The Prime Minister will attempt to bring both Leavers and Remainers together as Britain departs the European Union on January 31, striking an optimistic rather than celebratory tone.
A No 10 source said: “Different people will want to mark the 31st day in different ways. The Prime Minister’s job is putting the past three years of rancour behind us and moving the country forwards, together, to a bright future.”
Brexiteers have demanded a range of celebrations, with Nigel Farage trying to hold a “party” in Parliament Square. He has asked the public to submit Brexit-themed words set to popular tunes for a singalong at 11pm.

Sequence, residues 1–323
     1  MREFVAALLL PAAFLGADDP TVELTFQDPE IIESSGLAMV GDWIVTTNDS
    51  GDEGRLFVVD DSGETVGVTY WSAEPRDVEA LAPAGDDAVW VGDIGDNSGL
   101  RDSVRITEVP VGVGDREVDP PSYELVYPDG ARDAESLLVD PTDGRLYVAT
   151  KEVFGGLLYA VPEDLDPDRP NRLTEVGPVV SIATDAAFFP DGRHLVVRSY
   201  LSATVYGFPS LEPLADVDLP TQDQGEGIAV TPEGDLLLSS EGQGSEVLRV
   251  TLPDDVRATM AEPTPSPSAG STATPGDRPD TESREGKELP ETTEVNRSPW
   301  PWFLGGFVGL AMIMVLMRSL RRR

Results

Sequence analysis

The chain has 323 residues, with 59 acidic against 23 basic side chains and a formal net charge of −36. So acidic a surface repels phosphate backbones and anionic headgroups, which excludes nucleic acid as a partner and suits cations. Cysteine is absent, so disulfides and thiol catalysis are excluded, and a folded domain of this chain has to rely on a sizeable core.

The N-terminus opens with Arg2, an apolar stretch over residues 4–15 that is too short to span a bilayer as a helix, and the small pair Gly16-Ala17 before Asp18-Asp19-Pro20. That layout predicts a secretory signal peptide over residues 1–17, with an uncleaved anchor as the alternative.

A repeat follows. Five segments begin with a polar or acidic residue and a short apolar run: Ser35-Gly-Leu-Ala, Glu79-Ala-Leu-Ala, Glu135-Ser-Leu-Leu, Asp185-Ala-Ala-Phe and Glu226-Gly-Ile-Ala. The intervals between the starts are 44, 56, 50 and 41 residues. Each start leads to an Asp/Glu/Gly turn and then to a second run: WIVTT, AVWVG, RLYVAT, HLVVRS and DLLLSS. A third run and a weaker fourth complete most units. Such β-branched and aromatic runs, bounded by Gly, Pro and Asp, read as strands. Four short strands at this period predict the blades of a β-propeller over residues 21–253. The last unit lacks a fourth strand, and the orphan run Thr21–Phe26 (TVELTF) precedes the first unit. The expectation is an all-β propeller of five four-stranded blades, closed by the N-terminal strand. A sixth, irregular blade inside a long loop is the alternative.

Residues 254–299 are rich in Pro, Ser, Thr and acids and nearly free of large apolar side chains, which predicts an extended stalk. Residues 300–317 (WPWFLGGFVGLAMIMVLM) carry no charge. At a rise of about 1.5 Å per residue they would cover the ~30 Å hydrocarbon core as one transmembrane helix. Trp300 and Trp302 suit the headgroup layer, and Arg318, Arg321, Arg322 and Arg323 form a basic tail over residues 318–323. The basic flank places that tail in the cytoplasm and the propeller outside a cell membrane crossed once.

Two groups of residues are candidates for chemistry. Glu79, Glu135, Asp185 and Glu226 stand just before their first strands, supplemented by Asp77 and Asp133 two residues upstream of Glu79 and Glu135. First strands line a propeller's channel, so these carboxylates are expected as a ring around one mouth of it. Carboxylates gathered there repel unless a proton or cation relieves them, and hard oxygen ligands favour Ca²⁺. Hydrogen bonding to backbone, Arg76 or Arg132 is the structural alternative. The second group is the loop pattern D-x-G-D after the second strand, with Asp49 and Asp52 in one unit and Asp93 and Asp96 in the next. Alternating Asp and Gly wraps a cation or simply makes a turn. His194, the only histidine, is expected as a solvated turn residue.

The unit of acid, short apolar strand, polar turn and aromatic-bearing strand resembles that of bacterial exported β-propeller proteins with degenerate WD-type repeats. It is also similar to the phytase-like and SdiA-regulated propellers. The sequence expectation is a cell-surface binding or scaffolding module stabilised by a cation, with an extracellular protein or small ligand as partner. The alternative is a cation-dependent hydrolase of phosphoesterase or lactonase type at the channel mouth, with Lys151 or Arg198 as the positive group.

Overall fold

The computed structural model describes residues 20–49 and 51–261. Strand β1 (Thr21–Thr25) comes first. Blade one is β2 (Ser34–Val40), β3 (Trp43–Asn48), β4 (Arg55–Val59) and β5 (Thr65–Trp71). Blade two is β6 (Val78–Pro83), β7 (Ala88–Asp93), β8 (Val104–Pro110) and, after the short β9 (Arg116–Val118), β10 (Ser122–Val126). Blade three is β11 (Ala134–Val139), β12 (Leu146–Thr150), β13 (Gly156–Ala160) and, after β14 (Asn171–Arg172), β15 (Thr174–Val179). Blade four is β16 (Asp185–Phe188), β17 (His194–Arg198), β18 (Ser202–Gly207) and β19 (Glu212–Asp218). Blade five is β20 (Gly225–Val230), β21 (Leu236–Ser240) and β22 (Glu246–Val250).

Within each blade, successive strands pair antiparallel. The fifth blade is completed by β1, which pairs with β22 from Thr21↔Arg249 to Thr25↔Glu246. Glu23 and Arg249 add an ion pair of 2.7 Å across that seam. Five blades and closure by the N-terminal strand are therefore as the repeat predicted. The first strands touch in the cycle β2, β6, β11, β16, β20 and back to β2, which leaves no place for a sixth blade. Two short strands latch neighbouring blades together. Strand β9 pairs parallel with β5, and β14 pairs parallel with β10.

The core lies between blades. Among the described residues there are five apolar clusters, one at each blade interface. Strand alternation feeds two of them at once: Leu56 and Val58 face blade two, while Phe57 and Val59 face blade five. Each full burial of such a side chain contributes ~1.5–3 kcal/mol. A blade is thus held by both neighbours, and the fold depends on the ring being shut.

Other ideas have included a national holiday, a Festival of Brexit, and commemorative coins.
Mr Johnson backed calls for Big Ben to strike but the campaign turned to embarrassment when £150,000 was raised by the public in two days then Commons officials refused to allow it.
Big Ben has been silenced during refurbishments and it would cost up to £500,000 to install a floor and striking mechanism in time for Brexit Day.
However, an insider said the mood in Government was far removed from any desire to upset those who voted Remain by staging a triumphalist event.
“Brexit divided the country and there is no wish to antagonise those people who felt unhappy about the result of the referendum,” said the insider.